Going back to the member for Churchill, she was raising questions in the House about Lynn Lake when it lost its bank. That is the role of a member of Parliament. We need a parliamentary committee with greater independence that would sever the direct link from the government, from the Privy Council Office.
I fail to understand why the Liberal government is being so conservative, so reactionary, so cautious. Such a party is status quo when it comes to parliamentary reform.
I was pleased to note yesterday in the inaugural speech of the new premier of Quebec, Jean Charest, that he has proposed a system of partial proportional representation in the province of Quebec. That is a really serious electoral change in terms of electoral reform.
Along with that electoral change which I predict will happen in British Columbia and Prince Edward Island, hopefully Ontario and soon right across the country, that electoral change will eventually happen here. Along with that electoral change we have to reform Parliament. Parliament has to change and reform as well to make this institution more meaningful for the Canadian people.
Canadians spend tens of millions of dollars a year on this institution. They want an institution with committees that represent the public interest. One area representing the public interest is deciding whether or not the huge financial institutions that are involved in everyone's life, the banks, have a right to merge. It is extremely important that we do that.
I read in Quorum today about a parallel Liberal caucus. The minister across the way from Montreal, the minister of immigration, apparently was at the parallel Liberal caucus last Tuesday night at a restaurant in Ottawa's Chinatown. Apparently there were more members at that caucus than there were at the so-called official Liberal caucus that meets here on Wednesday mornings.
It is absolutely incredible how irrelevant Liberal members of Parliament see their own caucus. In Quorum there are quotes from Liberal members of Parliament which say that it is a waste of time to go to their national caucus. What an admission for government members to say that it is a waste of time to go to their own caucus. They are spending the taxpayers' money, blowing the taxpayers' money. It is amazing that they would not want to be in favour of parliamentary reform. One area of parliamentary reform is the study of important public policy issues such as whether or not banks in this country should be merged.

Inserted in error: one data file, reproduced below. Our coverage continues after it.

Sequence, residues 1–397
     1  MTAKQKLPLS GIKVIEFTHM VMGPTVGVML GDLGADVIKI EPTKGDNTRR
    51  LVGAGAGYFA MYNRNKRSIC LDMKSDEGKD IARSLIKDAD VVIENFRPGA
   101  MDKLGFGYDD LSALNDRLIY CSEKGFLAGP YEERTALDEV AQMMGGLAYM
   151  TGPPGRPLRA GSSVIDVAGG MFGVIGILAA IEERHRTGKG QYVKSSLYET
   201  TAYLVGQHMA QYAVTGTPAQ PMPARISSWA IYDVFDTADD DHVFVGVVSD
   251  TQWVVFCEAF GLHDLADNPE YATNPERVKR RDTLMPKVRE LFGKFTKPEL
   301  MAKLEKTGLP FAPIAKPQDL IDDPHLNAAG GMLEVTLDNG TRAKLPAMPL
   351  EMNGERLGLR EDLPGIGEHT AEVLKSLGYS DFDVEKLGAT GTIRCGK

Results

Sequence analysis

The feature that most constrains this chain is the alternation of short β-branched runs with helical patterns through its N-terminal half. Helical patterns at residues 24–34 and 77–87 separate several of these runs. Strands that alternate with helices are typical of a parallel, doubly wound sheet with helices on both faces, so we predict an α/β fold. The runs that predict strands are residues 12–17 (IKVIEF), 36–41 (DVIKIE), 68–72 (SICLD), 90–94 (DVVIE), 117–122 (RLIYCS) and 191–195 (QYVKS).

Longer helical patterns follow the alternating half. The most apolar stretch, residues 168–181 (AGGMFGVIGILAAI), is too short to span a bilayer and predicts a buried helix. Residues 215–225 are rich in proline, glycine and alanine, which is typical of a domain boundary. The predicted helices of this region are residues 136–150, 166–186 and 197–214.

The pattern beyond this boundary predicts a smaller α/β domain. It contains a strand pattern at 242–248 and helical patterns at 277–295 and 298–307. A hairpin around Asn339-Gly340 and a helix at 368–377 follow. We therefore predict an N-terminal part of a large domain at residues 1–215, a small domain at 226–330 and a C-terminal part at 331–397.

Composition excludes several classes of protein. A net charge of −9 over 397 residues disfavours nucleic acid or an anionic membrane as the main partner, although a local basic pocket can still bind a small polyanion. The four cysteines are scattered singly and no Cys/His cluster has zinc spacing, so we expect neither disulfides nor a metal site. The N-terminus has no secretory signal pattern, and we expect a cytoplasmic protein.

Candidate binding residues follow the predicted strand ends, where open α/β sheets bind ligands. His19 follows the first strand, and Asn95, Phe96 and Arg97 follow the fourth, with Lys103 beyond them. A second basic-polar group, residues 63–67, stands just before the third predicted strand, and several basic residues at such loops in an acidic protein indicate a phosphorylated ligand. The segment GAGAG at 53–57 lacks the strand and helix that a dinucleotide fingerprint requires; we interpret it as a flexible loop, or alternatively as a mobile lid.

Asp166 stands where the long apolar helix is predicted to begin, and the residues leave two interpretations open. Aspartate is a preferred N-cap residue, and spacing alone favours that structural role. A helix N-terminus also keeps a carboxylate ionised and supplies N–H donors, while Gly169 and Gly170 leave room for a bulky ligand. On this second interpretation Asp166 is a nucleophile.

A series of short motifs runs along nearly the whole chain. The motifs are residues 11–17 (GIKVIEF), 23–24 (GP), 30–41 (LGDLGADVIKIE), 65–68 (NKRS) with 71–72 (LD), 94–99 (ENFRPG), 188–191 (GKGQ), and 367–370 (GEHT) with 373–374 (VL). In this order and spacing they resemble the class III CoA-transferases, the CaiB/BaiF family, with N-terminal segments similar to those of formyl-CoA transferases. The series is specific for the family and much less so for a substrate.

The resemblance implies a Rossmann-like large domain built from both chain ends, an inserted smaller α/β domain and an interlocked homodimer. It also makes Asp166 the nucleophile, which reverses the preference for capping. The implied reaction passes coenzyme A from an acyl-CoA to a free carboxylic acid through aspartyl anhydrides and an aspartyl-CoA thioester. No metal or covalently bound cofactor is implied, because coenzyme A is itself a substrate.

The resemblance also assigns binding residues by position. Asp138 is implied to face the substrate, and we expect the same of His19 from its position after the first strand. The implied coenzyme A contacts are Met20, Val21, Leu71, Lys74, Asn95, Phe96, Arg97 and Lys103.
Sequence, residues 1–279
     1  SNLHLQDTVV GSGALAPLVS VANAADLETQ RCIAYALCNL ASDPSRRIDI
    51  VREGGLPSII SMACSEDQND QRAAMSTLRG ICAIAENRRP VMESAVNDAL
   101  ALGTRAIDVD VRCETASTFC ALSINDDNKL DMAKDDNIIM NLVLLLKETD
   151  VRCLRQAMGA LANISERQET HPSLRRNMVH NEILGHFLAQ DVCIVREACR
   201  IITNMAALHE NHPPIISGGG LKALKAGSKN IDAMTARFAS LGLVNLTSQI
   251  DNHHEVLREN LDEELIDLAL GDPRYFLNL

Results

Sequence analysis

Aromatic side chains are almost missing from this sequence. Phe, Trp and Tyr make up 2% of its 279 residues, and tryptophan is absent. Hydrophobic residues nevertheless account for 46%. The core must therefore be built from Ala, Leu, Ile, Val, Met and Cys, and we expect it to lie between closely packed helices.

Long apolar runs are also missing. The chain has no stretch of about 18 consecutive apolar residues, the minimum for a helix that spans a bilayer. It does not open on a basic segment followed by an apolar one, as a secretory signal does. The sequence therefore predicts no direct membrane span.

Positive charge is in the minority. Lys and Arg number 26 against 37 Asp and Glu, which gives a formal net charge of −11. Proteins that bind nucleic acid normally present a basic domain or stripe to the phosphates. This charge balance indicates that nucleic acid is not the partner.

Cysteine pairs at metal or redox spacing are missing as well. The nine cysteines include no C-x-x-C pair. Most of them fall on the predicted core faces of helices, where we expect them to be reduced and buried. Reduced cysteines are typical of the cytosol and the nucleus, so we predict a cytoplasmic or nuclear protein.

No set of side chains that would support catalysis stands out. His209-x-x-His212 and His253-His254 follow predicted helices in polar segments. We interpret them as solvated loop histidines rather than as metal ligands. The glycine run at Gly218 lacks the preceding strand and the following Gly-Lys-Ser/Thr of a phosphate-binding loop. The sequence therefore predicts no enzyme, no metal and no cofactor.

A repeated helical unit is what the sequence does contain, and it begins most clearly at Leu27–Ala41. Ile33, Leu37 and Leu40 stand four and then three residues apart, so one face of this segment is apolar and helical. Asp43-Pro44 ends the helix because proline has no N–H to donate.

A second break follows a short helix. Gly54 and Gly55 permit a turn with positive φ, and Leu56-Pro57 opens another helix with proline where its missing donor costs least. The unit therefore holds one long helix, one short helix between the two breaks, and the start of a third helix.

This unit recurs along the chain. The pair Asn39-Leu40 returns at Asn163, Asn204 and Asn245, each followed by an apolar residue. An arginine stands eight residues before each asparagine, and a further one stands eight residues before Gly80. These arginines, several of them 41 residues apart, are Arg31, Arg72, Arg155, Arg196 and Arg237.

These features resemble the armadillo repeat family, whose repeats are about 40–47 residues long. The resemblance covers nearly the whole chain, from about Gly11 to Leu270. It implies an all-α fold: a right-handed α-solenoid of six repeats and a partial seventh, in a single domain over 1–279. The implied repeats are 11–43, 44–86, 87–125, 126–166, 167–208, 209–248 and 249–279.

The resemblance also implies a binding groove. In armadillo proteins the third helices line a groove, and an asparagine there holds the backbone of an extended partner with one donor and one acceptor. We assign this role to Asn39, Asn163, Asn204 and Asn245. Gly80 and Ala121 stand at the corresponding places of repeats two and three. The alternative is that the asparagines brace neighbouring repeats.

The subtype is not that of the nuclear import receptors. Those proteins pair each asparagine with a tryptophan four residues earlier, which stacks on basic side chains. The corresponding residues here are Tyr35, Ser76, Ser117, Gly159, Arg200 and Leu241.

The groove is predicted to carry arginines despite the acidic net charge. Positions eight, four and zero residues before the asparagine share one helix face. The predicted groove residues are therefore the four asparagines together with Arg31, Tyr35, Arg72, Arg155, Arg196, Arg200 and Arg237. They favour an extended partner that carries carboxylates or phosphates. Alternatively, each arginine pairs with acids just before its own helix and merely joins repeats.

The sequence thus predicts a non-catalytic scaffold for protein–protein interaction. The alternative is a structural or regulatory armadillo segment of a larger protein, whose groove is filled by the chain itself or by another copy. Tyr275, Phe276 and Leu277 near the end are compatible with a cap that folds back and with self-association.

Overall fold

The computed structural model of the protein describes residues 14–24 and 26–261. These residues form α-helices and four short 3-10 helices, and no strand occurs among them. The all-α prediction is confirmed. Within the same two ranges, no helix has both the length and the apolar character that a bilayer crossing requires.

There is a role for parliamentary reform in this country. There is a role for the finance committee in determining whether or not bank mergers should go ahead.
I made a reference a few minutes ago to Dr. Doug Peters, a former Liberal member of Parliament who is the vice-president of a bank. He sat in the Liberal cabinet in 1993 and 1997. As I said, he was a former chief economist and the vice-president of a bank. The bank happened to be the Toronto-Dominion Bank.
I know that Dr. Peters is very frustrated with some of the economic policies of the government across the way. When he appeared before the finance committee, he raised a number of questions which I think the finance committee should consider when it comes to the merger of big banks.
Among those questions were whether or not the merger of banks would lower the cost of banking services to individual Canadians. One, if banks merged, would it lower banking service costs for individual Canadians? Is the answer yes or no? The answer was no according to Dr. Peters. Two, would the merger of banks improve the level and quality of service that Canadians receive from banks? The answer again was no. Three, with the merger of banks in this country would it increase the choices of the Canadian people for banking services? If there are fewer banks does it increase choices? It is a very important question. The answer again was no.
These are Dr. Peters' questions, the former minister of financial institutions in the Liberal government across the way, a former Liberal member of Parliament.
Four, he asked whether or not it would improve the availability of credit and lower the costs of credit for small and medium size businesses in Canada. Again, the answer was no. Five, would the merger of banks lower the cost of credit to Canada's large business community? The answer was no.
I have two more questions by Dr. Peters who is a very distinguished Liberal, a former member of cabinet, a privy councillor. Six, would it increase the profitability of Canadian banks for international operations? Again, the answer was no. Finally, would it improve the Canadian economy by increasing employment and economic growth? Again the answer was no.
Mr. Speaker, if I have run out of time, I would like to ask for unanimous consent to continue for another hour or two.